The EU seeks to create a seamless online Digital Single Market for media products such as digital music and film. The territoriality of the copyright regime is often perceived as an obstacle that induces geographical segmentation. This paper provides empirical evidence on the extent of market segmentation in the EU on the supply side and measures the contribution of several drivers of this segmentation. We use data from the Apple iTunes country stores in 27 EU Member States. We find that availability of EU media products across country stores in the EU is hovering around 80 per cent for music and 40 per cent for films. Recent industry initiatives to reduce the transaction costs of making digital music available across borders have resulted in a reasonably wide availability though still short of the 100 per cent mark. Supply side factors including copyright-related trade costs probably still play a role in music though we can only infer this indirectly in the absence of data on copyright licensing arrangements at product level. Commercial strategies and territorial restrictions in distribution agreements reduce film availability, more so than copyright issues. We also find evidence of price differentiation across iTunes EU country stores.Click to read more.
Review of Economic Research on Copyright Issues, 2018, 15(1), 1-19
In recent decades, the problem of illegal downloading of copyrighted material has emerged as a major concern for governments across the globe. Many countries have implemented policies to limit the impact of online piracy on revenues of creative industries. These policies, while important for a broad range of industries, have been particularly lobbied for and supported by the motion pictures industry. Film production and distribution companies have repeatedly asserted that effective anti-piracy policy is crucial to their continued success. This paper seeks to evaluate whether the anti-piracy regimes in OECD countries have been effective. It also seeks to determine whether there are patterns to the types of policies that have been especially effective or ineffective.Click to read more.
Review of Economic Research on Copyright Issues, 14(2), 55-80, 2017
This study proposes a simulation model aimed at exploring how copyright law should be designed; that is, a desirable combination of copyright length and breadth. The model incorporates the specific properties of creative industries but is hard to deal with analytically because of its dynamic characteristics. Changes in social welfare under different copyright designs are thus examined by using numerical simulation. The simulation results reveal that a short and narrow copyright is the best, whereas a long and broad copyright is the worst. Moreover, in the long run, a long copyright can reduce social welfare even if the breadth is narrow.Click to read more.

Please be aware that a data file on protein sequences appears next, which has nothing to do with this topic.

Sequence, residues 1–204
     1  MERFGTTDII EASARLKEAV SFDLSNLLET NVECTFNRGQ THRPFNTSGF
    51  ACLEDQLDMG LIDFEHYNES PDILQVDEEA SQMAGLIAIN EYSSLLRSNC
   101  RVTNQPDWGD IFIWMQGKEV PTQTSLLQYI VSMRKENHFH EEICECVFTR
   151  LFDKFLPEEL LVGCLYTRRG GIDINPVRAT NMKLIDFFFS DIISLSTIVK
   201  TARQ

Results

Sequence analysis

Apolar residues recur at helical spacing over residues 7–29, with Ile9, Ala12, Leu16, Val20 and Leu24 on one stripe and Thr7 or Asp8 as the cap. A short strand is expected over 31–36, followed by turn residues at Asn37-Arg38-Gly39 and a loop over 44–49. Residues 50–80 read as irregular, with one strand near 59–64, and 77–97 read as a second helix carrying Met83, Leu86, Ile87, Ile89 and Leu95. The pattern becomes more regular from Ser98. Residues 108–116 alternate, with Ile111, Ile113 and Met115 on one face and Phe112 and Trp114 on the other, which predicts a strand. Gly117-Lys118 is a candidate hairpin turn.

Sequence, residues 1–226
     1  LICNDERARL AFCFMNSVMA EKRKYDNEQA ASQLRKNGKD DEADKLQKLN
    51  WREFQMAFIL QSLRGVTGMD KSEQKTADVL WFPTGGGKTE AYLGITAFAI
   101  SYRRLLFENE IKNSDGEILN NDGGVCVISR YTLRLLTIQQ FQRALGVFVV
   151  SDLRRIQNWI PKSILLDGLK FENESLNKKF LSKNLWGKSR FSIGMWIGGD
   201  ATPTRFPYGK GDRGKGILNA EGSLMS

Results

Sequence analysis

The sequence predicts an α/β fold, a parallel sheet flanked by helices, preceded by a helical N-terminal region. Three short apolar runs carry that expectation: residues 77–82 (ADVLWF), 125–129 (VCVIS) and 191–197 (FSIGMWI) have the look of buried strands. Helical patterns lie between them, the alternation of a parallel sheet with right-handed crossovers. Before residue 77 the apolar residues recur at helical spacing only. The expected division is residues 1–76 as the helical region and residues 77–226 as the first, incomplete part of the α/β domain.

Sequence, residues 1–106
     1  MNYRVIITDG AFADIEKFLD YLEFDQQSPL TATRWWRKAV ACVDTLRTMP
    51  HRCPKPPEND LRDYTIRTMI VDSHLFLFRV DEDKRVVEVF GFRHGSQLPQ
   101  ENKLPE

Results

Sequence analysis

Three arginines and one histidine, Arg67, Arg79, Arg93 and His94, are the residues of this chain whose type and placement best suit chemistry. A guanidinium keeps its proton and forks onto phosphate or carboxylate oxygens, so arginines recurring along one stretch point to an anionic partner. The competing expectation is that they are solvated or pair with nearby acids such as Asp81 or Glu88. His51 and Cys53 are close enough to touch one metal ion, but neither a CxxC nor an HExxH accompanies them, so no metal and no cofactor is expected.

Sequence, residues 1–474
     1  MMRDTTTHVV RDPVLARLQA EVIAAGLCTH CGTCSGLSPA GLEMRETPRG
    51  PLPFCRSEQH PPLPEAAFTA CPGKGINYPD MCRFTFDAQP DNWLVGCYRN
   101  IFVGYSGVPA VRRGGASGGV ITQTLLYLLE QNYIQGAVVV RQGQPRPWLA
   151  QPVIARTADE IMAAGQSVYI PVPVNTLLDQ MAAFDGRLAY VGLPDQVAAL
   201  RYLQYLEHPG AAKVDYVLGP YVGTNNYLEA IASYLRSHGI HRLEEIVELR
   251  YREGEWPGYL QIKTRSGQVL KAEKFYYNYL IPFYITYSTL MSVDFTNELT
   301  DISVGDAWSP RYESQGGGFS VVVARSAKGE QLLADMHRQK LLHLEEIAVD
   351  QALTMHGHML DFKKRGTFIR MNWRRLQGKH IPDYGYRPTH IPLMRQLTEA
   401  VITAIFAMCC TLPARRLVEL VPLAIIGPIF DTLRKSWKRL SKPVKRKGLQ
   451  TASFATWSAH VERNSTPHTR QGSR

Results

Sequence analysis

Review of Economic Research on Copyright Issues, 14(1/2), 45-54, 2017
This Panel concerns possible lessons for European copyright practitioners learned from the North American experience. I pose two key questions that arise from our existing copyright tariff setting processes: 1) do we need regulatory intervention to achieve appropriate prices?; and 2) how has the process worked so far and how can we make the process better?Click to read more.
Review of Economic Research on Copyright Issues, 14(1/2), 39-44, 2017
Directive 2014/26/EC foresees that EU member States shall ensure that disputes between collective management societies and users concerning, in particular, existing and proposed licensing conditions or a breach of contract can be submitted to a court, or if appropriate, to another independent and impartial dispute resolution body where that body has expertise in copyright law. The Spanish Copyright Commission (Section I) aims to be that body in Spain. In order to reach this objective, the Commission has been empowered with new functions that will probably reduce the existing conflicts related to copyright licensing.Click to read more.
Review of Economic Research on Copyright Issues, 14(1/2), 1-38, 2017
Brett M. Frischmann
Courts, commentators, and even casebooks mistakenly assume that intellectual property laws are fundamentally utilitarian and thus the relevant objective for intellectual property laws is maximizing social welfare. Economic theories of intellectual property dominate while rights-based theories and other alternatives struggle to remain relevant in the discourse. This essay accepts that intellectual property laws are consequentialist, but it mounts a challenge to the utilitarian theories that dominate. Following the path set by Amartya Sen in the area of development economics and borrowing heavily from the Sen's analytical and normative framework - the Capabilities Approach, this essay begins to develop a human flourishing theory for intellectual property.Click to read more.
Review of Economic Research on Copyright Issues, 13(2), 1-24, 2016
I first review the theoretical apparatus that has been largely used so far to analyze information goods industries. I argued then that although this apparatus was fairly appropriate in the analog era and in the early digital era, it now needs to be significantly updated. The advent of streaming challenges indeed the main assumptions that underlie the existing models. This observation leads me to propose two main directions for future research efforts. First, one needs to better understand, and model, how streaming modifies the way content is accessed and consumed. Second, more attention should be given to the roles and strategies of streaming platforms, which become inescapable intermediaries regarding the distribution and consumption of digital goods.Click to read more.
Review of Economic Research on Copyright Issues, 13(2), 25-65, 2016
Jin-Hyuk Kim and Michael Waldman
Digital Rights Management (DRM) is employed by firms as a way of reducing illegal copying. In this paper we investigate the idea that it can also be associated with an increase in market power in the hardware market. In our main analysis content and hardware are complementary goods, where there are multiple hardware sellers and one of the hardware sellers owns a DRM technology that can be developed into a DRM system that makes legal content incompatible with hardware that does not employ the system. Our primary result is that the hardware producer who initially owns the DRM technology may employ closed DRM to gain market power in the hardware market because this is an efficient way to monetize its initial ownership of the technology. We also show that, depending on whether or not the content developer has positive bargaining power, the introduction of DRM may or may not result in an increase in content development. In addition to investigating these ideas in a number of related theoretical settings, we also consider the social welfare aspects of the argument and discuss its relevance for understanding the early history of Apple's iPod.Click to read more.